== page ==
“…I think a huge thing about this is the 99 year lease, is the fact that this is a solid space for a very long period of time…”
Listen in as Complicity playwright Diane Davis, along with director Illana Stein, discuss finding a different way to approach a well-known story, the illusion of power, the timeliness of this play about history, holding each other accountable, “heart and humanity,” complexity in complicity, how systems perpetuate themselves, the importance of intimacy direction, and who is responsible when bad things happen.
“…this is the play of women trying to wrestle out their roles in allowing the deconstruction of rights…and the way that assault is perpetuated…We’d like to think it’s gone. The idealist is gonna say, ‘We’ve come so far!’…and yes, we’ve come a long way, but we still don’t have parity…those needles haven’t moved…”
Listen in as Retro Productions Artistic Director Heather E. Cunningham, who also plays Fanny in the cast, along with director Sara Thigpen, discuss looking at the past through the lens of theatre and theatre through the lens of history, enthusiasm to jump in and play, suggestions vs. specificity, getting back to the live space post-COVID, and how it seems like everything comes back around again, in their production of Eric Overmyer’s On the Verge.
“…I love what it says about America, what it says about our history. The language is beautiful…”
Listen in as White on White co-directors Alec Duffy & Lori Elizabeth Parquet discuss the Hoi Polloi process, developing and discovering a play with the playwright, avoiding spoilers, how to examine whiteness in a theatrical context, troubling the waters, taking theatre to an extreme place, and asking questions that we’re all “answering for ourselves, all the time.”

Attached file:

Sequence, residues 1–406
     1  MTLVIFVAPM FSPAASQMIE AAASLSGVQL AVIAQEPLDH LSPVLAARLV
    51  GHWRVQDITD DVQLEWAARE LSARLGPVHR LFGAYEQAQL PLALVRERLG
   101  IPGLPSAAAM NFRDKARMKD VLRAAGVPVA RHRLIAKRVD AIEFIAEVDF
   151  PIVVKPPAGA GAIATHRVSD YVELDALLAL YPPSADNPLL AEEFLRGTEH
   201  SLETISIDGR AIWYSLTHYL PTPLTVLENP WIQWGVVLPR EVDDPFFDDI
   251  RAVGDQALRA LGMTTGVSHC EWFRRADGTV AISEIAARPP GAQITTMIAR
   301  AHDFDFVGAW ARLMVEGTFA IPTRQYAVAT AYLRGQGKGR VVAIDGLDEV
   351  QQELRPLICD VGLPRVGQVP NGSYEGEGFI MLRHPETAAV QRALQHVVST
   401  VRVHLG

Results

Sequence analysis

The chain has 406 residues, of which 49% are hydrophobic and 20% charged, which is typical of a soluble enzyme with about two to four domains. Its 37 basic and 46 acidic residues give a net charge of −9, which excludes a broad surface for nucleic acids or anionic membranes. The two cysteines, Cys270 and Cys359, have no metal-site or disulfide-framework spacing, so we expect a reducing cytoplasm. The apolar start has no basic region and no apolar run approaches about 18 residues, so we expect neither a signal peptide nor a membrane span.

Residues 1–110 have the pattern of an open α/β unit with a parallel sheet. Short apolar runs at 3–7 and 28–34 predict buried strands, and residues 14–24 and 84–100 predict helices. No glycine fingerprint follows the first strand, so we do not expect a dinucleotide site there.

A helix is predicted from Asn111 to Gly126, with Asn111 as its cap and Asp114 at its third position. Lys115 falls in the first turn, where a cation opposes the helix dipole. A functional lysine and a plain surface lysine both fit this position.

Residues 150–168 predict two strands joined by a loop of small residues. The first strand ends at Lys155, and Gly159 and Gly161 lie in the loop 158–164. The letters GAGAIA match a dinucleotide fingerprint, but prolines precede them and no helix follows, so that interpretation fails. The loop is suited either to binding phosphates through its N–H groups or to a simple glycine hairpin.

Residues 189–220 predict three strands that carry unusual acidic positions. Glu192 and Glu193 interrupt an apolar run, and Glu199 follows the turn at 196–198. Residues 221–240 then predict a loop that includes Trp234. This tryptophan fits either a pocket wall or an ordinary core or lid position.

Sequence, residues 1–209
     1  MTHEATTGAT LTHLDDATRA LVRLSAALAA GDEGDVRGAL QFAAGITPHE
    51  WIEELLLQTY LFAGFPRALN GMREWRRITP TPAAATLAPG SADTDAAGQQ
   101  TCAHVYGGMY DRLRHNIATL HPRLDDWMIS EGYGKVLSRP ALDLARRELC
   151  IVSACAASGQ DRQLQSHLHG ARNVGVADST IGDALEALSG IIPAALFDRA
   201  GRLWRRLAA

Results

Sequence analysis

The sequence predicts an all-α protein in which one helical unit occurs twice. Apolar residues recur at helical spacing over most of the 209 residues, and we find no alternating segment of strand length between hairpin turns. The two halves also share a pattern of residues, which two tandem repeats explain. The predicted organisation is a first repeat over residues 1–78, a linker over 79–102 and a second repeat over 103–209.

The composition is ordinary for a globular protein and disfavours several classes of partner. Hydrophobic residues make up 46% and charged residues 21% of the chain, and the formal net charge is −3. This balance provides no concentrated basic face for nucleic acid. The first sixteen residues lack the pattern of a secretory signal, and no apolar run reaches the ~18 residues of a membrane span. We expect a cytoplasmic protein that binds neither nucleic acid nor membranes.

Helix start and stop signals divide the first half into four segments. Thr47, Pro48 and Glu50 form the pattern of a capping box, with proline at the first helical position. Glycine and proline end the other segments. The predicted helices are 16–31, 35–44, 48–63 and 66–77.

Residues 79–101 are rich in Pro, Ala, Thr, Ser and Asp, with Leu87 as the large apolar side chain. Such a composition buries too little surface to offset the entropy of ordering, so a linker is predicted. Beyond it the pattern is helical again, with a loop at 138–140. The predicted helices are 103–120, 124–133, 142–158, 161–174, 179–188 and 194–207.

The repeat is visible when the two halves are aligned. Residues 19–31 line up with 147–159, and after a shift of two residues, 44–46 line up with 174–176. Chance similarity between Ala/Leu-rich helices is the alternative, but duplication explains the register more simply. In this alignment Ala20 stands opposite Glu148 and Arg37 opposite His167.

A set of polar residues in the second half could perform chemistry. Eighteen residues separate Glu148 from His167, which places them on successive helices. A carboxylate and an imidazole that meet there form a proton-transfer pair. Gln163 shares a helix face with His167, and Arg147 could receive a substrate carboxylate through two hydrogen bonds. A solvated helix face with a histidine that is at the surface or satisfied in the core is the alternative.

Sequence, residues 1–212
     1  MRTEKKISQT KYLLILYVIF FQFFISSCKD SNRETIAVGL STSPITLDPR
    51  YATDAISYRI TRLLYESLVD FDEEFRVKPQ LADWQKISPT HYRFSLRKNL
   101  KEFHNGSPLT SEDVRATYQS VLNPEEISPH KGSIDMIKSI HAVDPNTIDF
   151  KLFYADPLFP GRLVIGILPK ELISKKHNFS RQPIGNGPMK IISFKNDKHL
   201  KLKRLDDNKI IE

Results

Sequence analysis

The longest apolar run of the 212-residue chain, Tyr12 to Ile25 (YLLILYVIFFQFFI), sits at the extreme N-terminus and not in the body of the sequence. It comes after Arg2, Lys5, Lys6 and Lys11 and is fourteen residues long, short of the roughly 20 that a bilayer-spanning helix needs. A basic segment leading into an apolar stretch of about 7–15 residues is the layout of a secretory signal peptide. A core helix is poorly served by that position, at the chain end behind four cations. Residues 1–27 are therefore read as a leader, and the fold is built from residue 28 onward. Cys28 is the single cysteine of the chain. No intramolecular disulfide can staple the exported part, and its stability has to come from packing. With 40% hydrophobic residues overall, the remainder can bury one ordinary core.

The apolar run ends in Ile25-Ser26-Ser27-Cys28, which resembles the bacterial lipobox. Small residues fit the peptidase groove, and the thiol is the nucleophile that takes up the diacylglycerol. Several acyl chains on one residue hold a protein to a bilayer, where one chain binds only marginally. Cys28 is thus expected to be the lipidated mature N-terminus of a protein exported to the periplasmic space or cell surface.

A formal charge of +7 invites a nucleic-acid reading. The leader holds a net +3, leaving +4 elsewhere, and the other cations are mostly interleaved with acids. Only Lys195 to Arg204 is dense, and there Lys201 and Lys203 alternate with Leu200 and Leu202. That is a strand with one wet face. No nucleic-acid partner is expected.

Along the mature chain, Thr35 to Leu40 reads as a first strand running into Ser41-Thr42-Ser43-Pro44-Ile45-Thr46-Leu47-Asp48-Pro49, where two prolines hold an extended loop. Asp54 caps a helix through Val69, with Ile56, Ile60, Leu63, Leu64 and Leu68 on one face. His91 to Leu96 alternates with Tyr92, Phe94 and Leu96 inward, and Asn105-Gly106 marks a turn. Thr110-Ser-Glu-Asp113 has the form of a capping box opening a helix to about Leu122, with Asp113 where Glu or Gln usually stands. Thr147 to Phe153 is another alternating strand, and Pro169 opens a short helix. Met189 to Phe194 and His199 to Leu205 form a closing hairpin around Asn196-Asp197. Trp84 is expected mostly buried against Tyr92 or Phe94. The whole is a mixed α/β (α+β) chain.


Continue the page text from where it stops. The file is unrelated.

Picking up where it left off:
“…this is difficult stuff to talk about intellectually, let alone theatrically…to really tell the truth about what whiteness is. Because I feel like one of the tools of whiteness is to be vague about it, to be obscure about it, to not be straightforward about it…so that it can continue to exist…”
Listen in as Garbageman performers Kirk Gostkowski and Deven Anderson discuss seeing the familiar onstage, truth in absurdity, the benefits of repartee, how the audience interacts with juxtaposed seriousness and silliness, how a difficult piece morphs and changes over time, and searching for the American dream.
“…the bottom line with this piece is, I feel like this topic needs to be discussed. And people are afraid to discuss it. Because what does it mean? What does it mean about our humanity, what does it mean about our families, and our neighbors, and people that we know in our society…and we can’t just sweep it under the rug. The only way things gets better is if we discuss it…It’s about humanity, ultimately…”
Listen in as Ectoplasm playwright & director Sara Fellini, along with cast members Jillian Cicalese and Caitlin Dullahan-Bates, discuss “life and death and lust and love,” the stories we tell ourselves as we try to determine the truth, navigating society’s return to live in-person theatre while COVID is still a thing, layers of artifice and reality, and what it means to be making work together again.
“Right now, we don’t need tv. We don’t need movies. We have SO MANY SCREENS…you need a human being in front of you, who might make a mistake…who might do something brilliant and amazing that you would never see, you’d never feel the energy in the room…”